Genre: Adult Fiction, Contemporary, Feminism
Growing up in the suburban hell of Misery Saga (a.k.a. Mississauga), Lizzie has never liked the way she looks—even though her best friend Mel says she’s the pretty one. She starts dating guys online, but she’s afraid to send pictures, even when her skinny friend China does her makeup: she knows no one would want her if they could really see her. So she starts to lose. With punishing drive, she counts almonds consumed, miles logged, pounds dropped. She fights her way into coveted dresses. She grows up and gets thin, navigating double-edged validation from her mother, her friends, her husband, her reflection in the mirror. But no matter how much she loses, will she ever see herself as anything other than a fat girl?
In her brilliant, hilarious, and at times shocking debut, Mona Awad simultaneously skewers the body image-obsessed culture that tells women they have no value outside their physical appearance, and delivers a tender and moving depiction of a lovably difficult young woman whose life is hijacked by her struggle to conform. As caustically funny as it is heartbreaking, 13 Ways of Looking at a Fat Girl introduces a vital new voice in fiction.
Notice!!! This is a SPOILER review!!!
(There are also swear words in some quotes)
The universe is against us, which makes sense. So we get another McFlurry and talk about how fat we are for a while.
I don’t know what I expected when I picked this one up off the shelf of a little indie store in Whistler, Canada, but it certainly wasn’t what I got.
Before I get into the review, I’d like to remind you that 3 stars is not a bad rating. 3 stars means that I enjoyed it. I didn’t love it enough to give it 4 stars, but it was a good book.
It was not, however, a happy book, no matter how you look at it. Lizzie’s life does not get better. It was quite an adjustment for me to realize this fact. I am someone who wants everything to work out in the end, and I kept looking forward, like Oh she’s about to turn her life around. But it never happens. She starts off trapped in a too small town and too big body, but even after shedding the weight of both Lizzie is miserable.
Later on I’m going to be really fucking beautiful. I’m going to grow into that nose and develop an eating disorder. I’ll be hungry and angry all my life but I’ll also have a hell of a time.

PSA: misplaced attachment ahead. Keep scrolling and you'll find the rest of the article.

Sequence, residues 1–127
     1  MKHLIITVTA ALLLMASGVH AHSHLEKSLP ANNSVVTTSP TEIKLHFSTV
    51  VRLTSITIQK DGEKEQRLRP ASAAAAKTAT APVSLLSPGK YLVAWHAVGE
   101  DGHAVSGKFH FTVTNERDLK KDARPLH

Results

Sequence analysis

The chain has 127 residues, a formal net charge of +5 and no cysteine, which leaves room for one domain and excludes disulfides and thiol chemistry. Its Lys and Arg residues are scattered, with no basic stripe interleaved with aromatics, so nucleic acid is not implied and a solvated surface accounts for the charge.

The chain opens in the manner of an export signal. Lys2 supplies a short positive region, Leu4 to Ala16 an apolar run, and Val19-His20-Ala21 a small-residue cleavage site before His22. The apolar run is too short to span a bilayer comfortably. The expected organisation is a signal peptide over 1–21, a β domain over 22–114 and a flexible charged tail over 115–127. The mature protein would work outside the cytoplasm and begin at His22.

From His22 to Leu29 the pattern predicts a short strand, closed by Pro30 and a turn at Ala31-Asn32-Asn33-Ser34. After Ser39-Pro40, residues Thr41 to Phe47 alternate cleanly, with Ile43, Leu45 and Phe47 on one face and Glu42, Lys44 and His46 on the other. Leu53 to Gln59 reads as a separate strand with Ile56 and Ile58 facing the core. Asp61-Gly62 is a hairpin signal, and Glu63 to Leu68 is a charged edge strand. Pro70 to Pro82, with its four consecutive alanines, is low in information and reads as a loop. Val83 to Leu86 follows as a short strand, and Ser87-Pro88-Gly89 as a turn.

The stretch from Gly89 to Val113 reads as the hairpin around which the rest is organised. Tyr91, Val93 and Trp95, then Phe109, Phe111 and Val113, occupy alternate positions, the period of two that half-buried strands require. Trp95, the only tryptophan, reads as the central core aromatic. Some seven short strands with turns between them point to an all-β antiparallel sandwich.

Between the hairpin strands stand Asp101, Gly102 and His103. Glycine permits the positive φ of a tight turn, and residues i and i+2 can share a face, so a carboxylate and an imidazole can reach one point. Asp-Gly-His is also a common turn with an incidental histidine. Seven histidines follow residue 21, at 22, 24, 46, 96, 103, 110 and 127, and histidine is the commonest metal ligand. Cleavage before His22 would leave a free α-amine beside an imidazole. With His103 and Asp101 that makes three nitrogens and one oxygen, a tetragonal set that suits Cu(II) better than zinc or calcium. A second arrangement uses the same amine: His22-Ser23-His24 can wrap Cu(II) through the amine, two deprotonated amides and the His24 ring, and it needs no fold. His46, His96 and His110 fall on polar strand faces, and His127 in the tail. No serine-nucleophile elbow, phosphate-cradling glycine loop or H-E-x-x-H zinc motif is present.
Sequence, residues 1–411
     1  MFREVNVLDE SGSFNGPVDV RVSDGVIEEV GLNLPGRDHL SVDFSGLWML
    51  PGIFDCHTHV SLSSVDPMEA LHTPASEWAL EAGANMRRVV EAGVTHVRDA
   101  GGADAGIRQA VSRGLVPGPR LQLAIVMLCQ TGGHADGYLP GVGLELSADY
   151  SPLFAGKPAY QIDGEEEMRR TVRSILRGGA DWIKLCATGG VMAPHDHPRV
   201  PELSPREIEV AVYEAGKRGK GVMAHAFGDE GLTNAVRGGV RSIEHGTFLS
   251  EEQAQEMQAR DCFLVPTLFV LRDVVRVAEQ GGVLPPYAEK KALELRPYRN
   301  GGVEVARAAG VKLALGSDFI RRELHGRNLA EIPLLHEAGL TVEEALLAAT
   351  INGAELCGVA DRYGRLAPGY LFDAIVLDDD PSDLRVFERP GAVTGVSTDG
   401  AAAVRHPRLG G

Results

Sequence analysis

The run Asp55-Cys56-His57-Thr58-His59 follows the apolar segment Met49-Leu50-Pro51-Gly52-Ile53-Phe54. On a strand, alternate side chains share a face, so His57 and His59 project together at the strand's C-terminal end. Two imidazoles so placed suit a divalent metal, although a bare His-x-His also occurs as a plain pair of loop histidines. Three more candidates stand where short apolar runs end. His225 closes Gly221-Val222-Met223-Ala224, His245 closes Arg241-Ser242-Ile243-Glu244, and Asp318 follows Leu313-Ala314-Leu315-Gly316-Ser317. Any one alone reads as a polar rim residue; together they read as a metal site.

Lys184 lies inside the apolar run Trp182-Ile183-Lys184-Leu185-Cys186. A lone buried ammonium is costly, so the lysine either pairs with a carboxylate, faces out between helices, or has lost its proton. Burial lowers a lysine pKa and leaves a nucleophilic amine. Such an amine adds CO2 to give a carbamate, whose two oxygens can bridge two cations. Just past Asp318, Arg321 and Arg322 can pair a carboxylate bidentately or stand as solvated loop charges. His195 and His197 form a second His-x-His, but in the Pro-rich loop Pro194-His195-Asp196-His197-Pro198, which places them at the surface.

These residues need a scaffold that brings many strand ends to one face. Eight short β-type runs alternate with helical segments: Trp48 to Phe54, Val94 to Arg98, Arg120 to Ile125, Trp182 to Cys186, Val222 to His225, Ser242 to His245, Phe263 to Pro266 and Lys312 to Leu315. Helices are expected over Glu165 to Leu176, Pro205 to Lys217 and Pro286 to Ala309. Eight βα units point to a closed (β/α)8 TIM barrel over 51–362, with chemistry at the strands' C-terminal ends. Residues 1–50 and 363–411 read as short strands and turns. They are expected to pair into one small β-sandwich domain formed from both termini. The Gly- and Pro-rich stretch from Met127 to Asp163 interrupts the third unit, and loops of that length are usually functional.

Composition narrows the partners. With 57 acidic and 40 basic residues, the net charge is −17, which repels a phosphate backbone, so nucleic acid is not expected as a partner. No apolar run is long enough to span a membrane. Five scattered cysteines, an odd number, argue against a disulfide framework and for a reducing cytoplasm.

In a sense, then, there is no action in the plot. The story revolves instead around Lizzie’s internal turmoil. Because of this, time wasn’t really a heavily weighted theme. It was present, of course, but it felt like a three dimensional space – as though it could be moved through. It felt like a pool of molasses that the reader is being pulled through. It was a strange sensation, but not altogether unpleasant. Just another thing that I had to get used to.
Because the book is so focused on Lizzie’s narrative, there is a very strong point of view being conveyed. Moreover, there is a clear distinction between Awad’s opinion and Lizzie’s, much more so than in any book I’ve ever read before. So while Lizzie is bemoaning her weight or starving herself, Awad is baring for the world the struggles that women face. The result is a very powerful novel with truth at its core.
My father has always felt that being fat was a choice.
There are very feminist values in the skeleton of the book, and I appreciated that greatly. Awad tears apart the institutionalization of fat shaming. Lizzie says so nonchalantly that only after she had slimmed down (through drastic diets and other similarly unhealthy methods) did she feel okay to face her father. Throughout the story we learn that she lost the weight for certain people: a future boyfriend, her father. Her coworkers and friends. Her husband. But never herself. I could almost hear Awad screaming through the page: it’s the culture! It’s the society! And as the book progresses it seems to crystallize in the reader’s mind as well.
There was always that shadowy twin, thin when I was fat, fat when I was thin, myself in silvery negative, with dark teeth and shining white pupils glowing in the black sunlight of that other world. —Margaret Atwood
From this hard hitting epigraph to the final page, 13 Ways of Looking at a Fat Girl makes its intent transparent: to combat the beauty standards we as a race have created. And with every honest word, that is exactly what Mona Awad does.